So, is learning and the institutions who’s job it is to propagate it ready to embrace a touch-computing future? I’d like to think so. The presence of over 50 teachers at a day exploring the iPod touch in education yesterday – while they were still on holidays – indicates that at least in my Education Department, interest is high. What I love about the potential of simplified, touch-based interfaces I hope to see is that they open up computing to everyone. There is nothing between you and the information and you, and the smaller screen sizes are forcing companies to reduce clutter and non-logical menu’s and buttons. Sounds like the sort of improvements that can benefit students right?
December 2, 2009
This will be the final journal of my current ‘how to learn’ unit before we hit the end of the educational year. Remember the intent of the unit was to shift the emphasis from me teaching to students learning, and especially to students taking responsibility for their learning. The unit has been aided by mobile, ubiquitous devices (in our case, the iPod touch) – chosen because of the power of such devices to put learning tools right into each learner’s hands.
First, I’ll report on how the last weeks of the unit have been going. As alluded to in the last journal, school events such as swimming and compulsory PD I had to attend have really impacted on how much time I’ve had with students, such that we will not complete the unit. Now, two things – first, this is still ok as I’d built the critical thinking/ making learning decisions throughout. Secondly, in reflecting on this I’ve realised that all units suffer from interuptions – I just need to plan less – or maybe not – perhaps I actually should keep planning ambitious units but just plan in agility for the sub-parts.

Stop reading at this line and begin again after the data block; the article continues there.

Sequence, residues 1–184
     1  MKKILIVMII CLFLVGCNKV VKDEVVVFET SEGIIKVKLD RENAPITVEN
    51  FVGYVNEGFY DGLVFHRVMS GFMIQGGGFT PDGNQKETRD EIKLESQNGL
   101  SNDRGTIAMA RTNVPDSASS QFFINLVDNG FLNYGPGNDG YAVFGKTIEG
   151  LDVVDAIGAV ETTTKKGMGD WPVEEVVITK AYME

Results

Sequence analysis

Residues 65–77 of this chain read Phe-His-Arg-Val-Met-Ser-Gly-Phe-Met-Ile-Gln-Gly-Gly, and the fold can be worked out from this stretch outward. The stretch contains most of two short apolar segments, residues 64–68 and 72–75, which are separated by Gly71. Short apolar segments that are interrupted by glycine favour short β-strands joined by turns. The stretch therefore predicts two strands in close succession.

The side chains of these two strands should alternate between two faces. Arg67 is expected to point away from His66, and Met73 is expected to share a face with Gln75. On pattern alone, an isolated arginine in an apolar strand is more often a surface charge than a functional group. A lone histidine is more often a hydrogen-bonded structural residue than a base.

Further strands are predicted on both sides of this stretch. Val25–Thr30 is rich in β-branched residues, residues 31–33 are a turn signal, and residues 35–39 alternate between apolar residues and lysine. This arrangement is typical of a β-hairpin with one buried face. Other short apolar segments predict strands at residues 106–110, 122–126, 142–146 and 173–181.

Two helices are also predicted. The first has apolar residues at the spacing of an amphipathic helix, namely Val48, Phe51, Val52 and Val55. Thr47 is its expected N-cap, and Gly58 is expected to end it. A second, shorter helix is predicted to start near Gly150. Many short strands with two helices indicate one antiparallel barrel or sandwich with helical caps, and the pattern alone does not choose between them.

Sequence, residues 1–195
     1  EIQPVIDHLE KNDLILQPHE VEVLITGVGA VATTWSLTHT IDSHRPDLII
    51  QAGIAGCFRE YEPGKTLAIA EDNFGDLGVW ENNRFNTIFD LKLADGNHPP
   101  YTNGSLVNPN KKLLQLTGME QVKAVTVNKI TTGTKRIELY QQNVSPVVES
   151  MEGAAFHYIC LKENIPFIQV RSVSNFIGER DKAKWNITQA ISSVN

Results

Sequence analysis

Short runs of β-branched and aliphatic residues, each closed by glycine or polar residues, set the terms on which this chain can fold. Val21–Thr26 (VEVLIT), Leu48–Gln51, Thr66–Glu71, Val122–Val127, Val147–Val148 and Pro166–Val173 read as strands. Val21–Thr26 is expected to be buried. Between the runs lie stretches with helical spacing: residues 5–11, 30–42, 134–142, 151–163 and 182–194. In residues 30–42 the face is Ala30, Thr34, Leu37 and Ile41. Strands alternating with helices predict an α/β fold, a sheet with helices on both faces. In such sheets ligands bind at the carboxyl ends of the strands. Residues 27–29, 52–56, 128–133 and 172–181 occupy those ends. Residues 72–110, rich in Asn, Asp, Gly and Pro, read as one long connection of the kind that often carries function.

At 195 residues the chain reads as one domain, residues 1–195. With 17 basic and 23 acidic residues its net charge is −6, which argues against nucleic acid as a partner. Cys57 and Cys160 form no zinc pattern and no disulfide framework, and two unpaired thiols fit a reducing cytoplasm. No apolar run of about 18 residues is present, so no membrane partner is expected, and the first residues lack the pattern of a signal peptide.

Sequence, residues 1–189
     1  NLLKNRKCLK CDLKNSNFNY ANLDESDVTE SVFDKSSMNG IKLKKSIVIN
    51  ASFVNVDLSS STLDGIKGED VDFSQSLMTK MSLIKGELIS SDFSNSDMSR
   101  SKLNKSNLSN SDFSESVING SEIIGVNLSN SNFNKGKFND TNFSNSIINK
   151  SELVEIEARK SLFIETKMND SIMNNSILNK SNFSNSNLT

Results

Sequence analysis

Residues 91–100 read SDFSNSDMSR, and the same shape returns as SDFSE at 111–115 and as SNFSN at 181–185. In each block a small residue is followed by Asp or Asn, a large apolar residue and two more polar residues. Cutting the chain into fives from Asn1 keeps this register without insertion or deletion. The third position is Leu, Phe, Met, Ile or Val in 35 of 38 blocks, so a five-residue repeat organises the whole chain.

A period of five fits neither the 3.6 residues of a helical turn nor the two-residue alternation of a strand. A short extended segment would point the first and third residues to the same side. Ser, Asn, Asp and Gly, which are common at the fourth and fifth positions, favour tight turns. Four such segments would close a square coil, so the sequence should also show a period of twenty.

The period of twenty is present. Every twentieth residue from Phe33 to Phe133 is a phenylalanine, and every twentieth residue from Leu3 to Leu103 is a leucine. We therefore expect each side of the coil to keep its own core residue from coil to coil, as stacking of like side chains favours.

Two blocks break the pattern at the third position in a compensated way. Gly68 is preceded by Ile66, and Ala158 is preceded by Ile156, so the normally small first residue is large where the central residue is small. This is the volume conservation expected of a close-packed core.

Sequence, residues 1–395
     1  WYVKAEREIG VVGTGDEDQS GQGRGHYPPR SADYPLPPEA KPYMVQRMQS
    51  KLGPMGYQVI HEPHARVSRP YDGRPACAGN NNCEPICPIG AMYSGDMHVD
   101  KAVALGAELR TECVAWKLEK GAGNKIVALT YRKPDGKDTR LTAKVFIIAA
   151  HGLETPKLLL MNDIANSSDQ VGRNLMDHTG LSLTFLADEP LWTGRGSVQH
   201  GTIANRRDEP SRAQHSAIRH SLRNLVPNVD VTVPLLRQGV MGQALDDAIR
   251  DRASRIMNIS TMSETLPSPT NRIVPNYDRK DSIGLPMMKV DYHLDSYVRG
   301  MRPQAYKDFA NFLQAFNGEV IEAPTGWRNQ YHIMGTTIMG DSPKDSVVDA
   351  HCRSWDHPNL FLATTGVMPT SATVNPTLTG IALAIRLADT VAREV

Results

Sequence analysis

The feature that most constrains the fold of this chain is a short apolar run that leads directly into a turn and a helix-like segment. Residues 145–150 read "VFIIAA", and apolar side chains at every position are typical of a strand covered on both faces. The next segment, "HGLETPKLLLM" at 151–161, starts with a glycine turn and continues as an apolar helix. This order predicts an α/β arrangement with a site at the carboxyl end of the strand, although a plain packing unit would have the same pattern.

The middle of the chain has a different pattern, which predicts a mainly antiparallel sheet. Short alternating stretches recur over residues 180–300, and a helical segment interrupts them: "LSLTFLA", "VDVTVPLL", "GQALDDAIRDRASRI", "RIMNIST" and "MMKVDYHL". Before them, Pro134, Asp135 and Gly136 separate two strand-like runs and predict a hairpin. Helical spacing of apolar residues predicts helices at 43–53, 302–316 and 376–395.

Agility really has shown itself to be the key to the success of the unit actually. Because even though I planned for reflective points every two weeks, some students only needed one week, some three to work through the ‘solution’ (app) they had found (duh!). To help manage this complexity, rather than go back to a one-size-fits-all unit, in this phase I introduced a data-base tracking where each student was up to. By displaying this at the start of each session via data projector, I could begin each lesson discussing with students exactly where they were up to. This database also includes a cell for student comments – I quiz students constantly about their app – what, how, why questions linking it back to their decision making and chosen focus area. These comments then form the basis of the review that students write once they either complete an app, or decide its not helping them.